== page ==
Project leader: Michael Serrano-Wu
Key collaborators: Deborah Hung

FadD32 is an essential enzyme for biosynthesis of mycolic acids, which comprise an integral component of the cell envelope in Mycobacterium tuberculosis. Broad scientists have recently discovered potent inhibitors of FadD32 using a full arsenal of genetic, protein, and small-molecule tools to identify new treatment modalities. These efforts have uncovered additional opportunities to inhibit M. tuberculosis during both its replicating and non-replicating phases. This “dual-hit” approach may improve treatment outcomes especially versus drug-resistant strains.

Despite coordinated efforts to improve availability of standard of care, tuberculosis (TB) is still one of the leading causes of death by infectious diseases worldwide, killing an estimated 2 million people annually. Strains of M. tuberculosis have now emerged that are not only resistant to both first- and second-line drugs, but are also resistant to all known TB drugs, thus posing a serious threat to the management of TB and human health.

Populations where HIV is prevalent are especially susceptible to TB co-infection; in 2010, 350,000 people died as a result of TB and HIV co-infection.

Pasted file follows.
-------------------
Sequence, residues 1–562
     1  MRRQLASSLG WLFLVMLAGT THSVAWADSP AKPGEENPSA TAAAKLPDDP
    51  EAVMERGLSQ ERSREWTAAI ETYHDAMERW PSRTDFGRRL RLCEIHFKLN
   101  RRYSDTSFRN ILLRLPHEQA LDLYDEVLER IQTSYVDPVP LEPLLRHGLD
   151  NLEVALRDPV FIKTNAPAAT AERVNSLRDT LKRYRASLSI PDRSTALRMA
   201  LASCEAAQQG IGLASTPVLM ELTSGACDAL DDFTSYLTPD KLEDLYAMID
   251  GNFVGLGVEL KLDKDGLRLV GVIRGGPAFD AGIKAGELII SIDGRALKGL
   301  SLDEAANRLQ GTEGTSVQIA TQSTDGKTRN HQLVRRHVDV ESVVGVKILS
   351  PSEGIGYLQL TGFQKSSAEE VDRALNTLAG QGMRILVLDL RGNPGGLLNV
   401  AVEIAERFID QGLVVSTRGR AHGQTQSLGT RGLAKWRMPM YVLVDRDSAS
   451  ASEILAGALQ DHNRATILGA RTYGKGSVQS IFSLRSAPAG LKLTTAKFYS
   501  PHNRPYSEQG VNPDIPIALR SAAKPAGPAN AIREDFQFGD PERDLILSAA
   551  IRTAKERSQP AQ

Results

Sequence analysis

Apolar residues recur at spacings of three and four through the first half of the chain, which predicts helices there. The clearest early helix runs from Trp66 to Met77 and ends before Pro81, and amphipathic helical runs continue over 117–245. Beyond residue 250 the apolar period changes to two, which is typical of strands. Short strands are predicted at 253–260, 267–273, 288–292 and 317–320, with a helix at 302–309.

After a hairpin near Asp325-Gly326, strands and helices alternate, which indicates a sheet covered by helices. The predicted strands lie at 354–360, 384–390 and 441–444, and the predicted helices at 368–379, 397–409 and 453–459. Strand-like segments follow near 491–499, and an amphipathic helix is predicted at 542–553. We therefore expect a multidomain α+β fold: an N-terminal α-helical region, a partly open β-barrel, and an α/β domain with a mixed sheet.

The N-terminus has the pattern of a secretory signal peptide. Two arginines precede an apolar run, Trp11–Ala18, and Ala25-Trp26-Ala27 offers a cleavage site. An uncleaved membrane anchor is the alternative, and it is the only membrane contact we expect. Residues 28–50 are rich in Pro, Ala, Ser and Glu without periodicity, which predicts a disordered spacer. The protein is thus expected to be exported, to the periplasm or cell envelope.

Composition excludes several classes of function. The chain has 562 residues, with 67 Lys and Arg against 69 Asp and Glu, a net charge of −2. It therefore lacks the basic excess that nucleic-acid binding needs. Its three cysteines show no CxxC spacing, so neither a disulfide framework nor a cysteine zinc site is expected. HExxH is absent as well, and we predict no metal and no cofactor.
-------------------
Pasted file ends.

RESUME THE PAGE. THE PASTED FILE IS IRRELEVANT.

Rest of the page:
Discovery of shorter, effective treatment regimens with broader coverage across drug-resistant TB strains is essential for continued progress in global TB management. At the Broad, scientists are keenly focused on characterizing novel mechanisms to combat TB, using a full arsenal of genetic, protein, and small-molecule tools to identify new treatment modalities. Broad researchers have recently discovered novel inhibitors of FadD32, a key enzyme in mycolic acid biosynthesis, and are actively pursuing this target as a new modality in TB combination therapy.

They have also developed novel screens to interrogate TB biology throughout its lifecycle, including the non-replicating phase when current therapy can be particularly ineffective. Optimization of hits from these screens, especially those with dual activity against replicating and non-replicating phases of the TB lifecycle, is another focus within the Broad’s TB therapeutics portfolio.

Ultimately, the goal of the Broad’s TB therapeutics effort is to rigorously elucidate biological pathways that will render TB most susceptible to therapeutic agents, and to optimize molecules that will allow therapeutic hypotheses to be evaluated in humans.